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Biological Sciences Division
Research Highlights

August 2006

Novel Bug Work Appears in Two Journals

Portrait of Mary Lipton
Contact: Mary Lipton

Research results from work done by Pacific Northwest National Laboratory (PNNL) scientists and collaborators on a versatile bacterium have been accepted in two peer-reviewed journals. The researchers are studying Rhodobacter sphaeroides, a microbe that grows under a variety of conditions using a variety of electron acceptors. Its diverse abilities include metal reduction, nitrogen fixation, and the assimilation of carbon dioxide. Additionally, R. sphaeroides can produce abundant amounts of hydrogen, which could potentially prove to be a source of renewable energy. Many of these abilities are linked to R. sphaeroides' photosynthetic apparatus.

The articles, which appear in the Journal of Microbiological Methods and the Journal of Proteome Research, describe how researchers probed the photosynthetic lifestyle of R. sphaeroides on a protein level and compared their observations to those reported in published genomic analyses.

They performed a global proteomic analysis based on PNNL's accurate mass and elution time (AMT) tag approach to compare aerobic and photosynthetic R. sphaeroides proteomes. Their results highlighted proteins directly and indirectly associated with the photosynthetic lifestyle of R. sphaeroides, and the location of these proteins within cellular fractions, such as the outer membrane and cytoplasm. The AMT tag approach enabled the identification of a diverse set of proteins, which will help in developing and connecting models of photosynthetic behavior.

A greater understanding of R. sphaeroides' photosynthetic behavior is important to applying its unique abilities to, for example, hydrogen production. These studies provide a baseline for future large-scale proteomic studies using PNNL's high-throughput proteomic approach. The work was sponsored by the U.S. Department of Energy's Genomics: GTL program within the Office of Biological and Environmental Research.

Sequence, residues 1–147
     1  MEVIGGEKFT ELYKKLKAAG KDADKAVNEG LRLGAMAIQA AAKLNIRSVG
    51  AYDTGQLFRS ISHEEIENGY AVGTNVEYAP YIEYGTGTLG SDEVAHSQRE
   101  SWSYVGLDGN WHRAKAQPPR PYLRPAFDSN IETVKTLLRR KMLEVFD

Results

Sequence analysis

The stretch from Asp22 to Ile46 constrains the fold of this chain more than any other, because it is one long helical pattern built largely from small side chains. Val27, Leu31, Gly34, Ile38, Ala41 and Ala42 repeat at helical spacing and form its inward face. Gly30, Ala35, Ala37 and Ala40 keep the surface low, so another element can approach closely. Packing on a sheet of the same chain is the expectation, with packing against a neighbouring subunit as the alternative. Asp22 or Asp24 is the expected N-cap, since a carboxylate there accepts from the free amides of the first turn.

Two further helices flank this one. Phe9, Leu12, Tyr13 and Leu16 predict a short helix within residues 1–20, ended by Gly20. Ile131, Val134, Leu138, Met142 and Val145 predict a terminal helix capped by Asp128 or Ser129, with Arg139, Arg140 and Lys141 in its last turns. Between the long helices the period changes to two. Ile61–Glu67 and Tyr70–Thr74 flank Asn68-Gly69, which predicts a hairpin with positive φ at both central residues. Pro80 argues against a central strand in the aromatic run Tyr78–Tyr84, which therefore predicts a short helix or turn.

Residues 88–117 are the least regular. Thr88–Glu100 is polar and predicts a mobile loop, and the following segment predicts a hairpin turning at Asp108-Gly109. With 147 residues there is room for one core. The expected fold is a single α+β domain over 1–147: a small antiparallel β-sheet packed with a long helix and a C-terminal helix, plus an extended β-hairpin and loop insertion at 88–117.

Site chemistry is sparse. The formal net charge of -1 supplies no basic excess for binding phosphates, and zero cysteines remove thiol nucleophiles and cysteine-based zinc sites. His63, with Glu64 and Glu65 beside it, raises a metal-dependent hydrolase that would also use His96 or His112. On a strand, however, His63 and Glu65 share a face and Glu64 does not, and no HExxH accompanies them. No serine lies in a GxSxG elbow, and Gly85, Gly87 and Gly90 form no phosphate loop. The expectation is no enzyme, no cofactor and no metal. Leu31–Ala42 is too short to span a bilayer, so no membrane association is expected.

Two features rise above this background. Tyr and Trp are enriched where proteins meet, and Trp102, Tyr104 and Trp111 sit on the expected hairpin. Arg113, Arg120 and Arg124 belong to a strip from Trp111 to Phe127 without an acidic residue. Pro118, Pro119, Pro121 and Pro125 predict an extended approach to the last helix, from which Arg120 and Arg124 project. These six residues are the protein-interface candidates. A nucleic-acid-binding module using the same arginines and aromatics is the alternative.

The research team includes Stephen Callister, Carrie Nicora, Matt Monroe, Dick Smith, and Mary Lipton (PNNL); Xiaohua Zeng, Jung Hyeob Roh, and Sam Kaplan (University of Texas Health Center); and Miguel Dominguez, Christine Tavano, and Tim Donohue (U of Wisconsin-Madison).

Heat map comparison between proteins observed in R. sphaeroides aerobic

Heat map (left) comparison between proteins observed in R. sphaeroides aerobic and photosynthetic cultures. Proteins shown in the heat map are involved in energy production for the cell by way of the electron transport pathway (right). Most of the proteins involved in this pathway were observed in an insoluble protein fraction extracted from the each culture during sample preparation. Increasing intensity in the positive range represents abundances that are greater than the mean abundance derived from both culture conditions and sample preparations relative to the standard deviation associated with the mean (Z-score). Decreasing intensity in the negative range represents abundances that are less than the mean abundance relative the standard deviation. Z-score values for the aerobic and photosynthetic cell cultures also suggest the growth condition in which the protein was observed with the greatest abundance. Full Image


Callister SJ, MA Dominguez, CD Nicora, X Zeng, CL Tavano, S Kaplan, TJ Donohue, RD Smith, and MS Lipton. 2006 "Application of the Accurate Mass and Time Tag Approach to the Proteome Analysis of Sub-cellular Fractions Obtained from Rhodobacter sphaeroides 2.4.1 Aerobic and Photosynthetic Cell Cultures." Journal of Proteome Research 5(8):1940-1947.

Callister SJ, CD Nicora, X Zeng, JH Roh, MA Dominguez, CL Tavano, ME Monroe, S Kaplan, TJ Donohue, RD Smith, and MS Lipton. 2006. "Comparison of aerobic and photosynthetic Rhodobacter sphaeroides 2.4.1 proteomes. Accepted for publication in Journal of Microbiological Methods doi:10.1016/j.mimet.2006.04.021.

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